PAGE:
Marijuana is being considered as an effective treatment for asthma. Changes in marijuana laws and the increased use of medicinal marijuana have led doctors to consider if it could successfully treat asthma symptoms.
Asthma is a chronic lung disease that occurs when the airways in the chest get narrower or become inflamed. Symptoms of asthma include coughing, difficulty breathing, and wheezing.
There is no cure for asthma, so treatment involves managing the symptoms and preventing complications. Doctors are currently considering the benefits and risks.
Marijuana is available to use in many forms other than smoking. For example, water vaporizers or bongs filter the smoke through water, which may reduce the potential for lung irritation.
There are also edible and topical forms, such as cannabidiol (CBD) oils, which may be more suitable for someone with asthma.
These products may give the benefits without the risk of lung irritation.
Marijuana: Asthma Treatment Benefits
Marijuana is a type of cannabinoid, which is known to contain anti-inflammatory and anti-spasmodic properties.
Sometimes, it is used medicinally to treat chronic conditions that cause pain and inflammation, such as multiple sclerosis and cancer. Researchers have looked into whether people with other inflammatory conditions, such as asthma, can use marijuana safely.
Research has shown that tetrahydrocannabinol (THC), the active component in marijuana, suppresses the immune system. Much of the research on cannabinoids for asthma has focused on the cannabinoid chemical, rather than more popular forms.
For example, a 2013 study found potential benefits from the use of a water vaporizer. The study found that people using a vaporizer were less likely to combine marijuana with tobacco than if they were smoking it.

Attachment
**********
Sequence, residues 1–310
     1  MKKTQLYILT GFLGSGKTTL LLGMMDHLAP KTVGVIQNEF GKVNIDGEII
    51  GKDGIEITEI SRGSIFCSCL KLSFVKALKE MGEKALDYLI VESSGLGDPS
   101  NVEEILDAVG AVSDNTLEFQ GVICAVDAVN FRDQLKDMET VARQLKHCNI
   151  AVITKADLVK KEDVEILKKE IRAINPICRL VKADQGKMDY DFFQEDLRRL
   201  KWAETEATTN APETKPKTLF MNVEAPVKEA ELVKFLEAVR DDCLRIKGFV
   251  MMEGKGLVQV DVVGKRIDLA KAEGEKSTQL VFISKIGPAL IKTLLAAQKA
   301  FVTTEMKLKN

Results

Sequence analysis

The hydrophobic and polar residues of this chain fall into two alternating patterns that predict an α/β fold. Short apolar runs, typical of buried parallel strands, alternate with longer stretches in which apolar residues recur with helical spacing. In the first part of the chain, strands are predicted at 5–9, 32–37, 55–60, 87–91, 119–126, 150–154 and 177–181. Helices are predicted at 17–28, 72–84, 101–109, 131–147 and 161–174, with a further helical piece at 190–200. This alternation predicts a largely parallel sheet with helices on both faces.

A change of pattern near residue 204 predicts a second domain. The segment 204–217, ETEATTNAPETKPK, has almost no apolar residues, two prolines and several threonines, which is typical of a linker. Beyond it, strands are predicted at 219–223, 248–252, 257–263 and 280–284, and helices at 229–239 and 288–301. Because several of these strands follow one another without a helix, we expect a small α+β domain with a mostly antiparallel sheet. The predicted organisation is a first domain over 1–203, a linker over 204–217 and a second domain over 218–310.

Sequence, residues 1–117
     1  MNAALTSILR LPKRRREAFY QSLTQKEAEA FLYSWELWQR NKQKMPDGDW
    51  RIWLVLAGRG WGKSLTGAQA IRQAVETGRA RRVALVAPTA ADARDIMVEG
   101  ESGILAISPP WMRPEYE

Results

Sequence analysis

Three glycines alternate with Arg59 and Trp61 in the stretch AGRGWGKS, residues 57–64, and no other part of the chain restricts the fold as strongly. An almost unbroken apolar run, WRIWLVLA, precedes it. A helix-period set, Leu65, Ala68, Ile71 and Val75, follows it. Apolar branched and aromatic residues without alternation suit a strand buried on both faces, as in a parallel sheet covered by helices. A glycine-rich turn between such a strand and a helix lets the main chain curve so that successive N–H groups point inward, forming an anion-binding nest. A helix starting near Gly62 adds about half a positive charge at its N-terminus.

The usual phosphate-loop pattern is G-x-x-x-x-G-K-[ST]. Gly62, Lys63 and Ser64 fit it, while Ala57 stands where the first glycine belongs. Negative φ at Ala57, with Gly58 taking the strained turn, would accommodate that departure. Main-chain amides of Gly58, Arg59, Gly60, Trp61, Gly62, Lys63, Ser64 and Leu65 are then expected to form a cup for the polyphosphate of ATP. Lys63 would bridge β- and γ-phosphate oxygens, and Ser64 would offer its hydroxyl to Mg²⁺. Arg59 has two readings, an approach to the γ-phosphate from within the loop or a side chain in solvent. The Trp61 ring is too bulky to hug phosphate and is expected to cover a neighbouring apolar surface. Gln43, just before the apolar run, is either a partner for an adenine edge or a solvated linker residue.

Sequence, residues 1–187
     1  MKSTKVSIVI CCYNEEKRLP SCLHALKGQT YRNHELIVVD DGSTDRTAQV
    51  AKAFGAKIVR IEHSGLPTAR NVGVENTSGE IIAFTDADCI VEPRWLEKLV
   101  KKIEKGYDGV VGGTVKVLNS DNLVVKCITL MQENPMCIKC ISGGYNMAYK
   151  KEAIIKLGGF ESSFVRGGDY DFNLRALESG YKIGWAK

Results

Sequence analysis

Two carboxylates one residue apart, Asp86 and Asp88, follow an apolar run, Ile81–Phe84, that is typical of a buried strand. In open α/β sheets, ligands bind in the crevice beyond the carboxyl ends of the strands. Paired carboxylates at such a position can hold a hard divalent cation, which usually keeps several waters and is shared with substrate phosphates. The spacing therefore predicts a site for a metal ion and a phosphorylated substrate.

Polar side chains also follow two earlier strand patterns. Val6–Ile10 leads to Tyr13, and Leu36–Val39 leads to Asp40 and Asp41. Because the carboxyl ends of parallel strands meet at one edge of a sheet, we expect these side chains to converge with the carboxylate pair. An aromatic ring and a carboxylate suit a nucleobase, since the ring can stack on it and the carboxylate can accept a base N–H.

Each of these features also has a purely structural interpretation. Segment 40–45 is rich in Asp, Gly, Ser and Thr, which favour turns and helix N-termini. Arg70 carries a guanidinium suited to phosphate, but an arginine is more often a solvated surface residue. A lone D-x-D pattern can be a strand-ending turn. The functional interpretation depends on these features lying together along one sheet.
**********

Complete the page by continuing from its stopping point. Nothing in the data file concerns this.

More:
Marijuana: Risks In Treating Asthma
While some forms of marijuana may be beneficial for people with asthma, it still has risks.
Indeed, smoking marijuana can make some asthma symptoms worse, including:
- increased phlegm
- shortness of breath
- swelling of the throat
These symptoms are usually short-lived and will go away if someone stops smoking.
Smoking any substance can irritate lung tissue. Lung irritants can trigger asthma attacks in some people.
In addition, heavy marijuana smokers may have an increased risk of developing bronchitis and chronic obstructive pulmonary disease (COPD).
It is unknown whether this increased risk is also found in people who are light smokers.
Smoking marijuana can cause bullae to form in the lungs. Bullae are large air sacs that can make it more difficult to breathe. They can also rupture or pop, which can trigger a lung to collapse. A collapsed lung is life-threatening if not treated immediately.
Because of the potential risks associated with using medical marijuana, a doctor is the best person to advise whether it might be an effective treatment.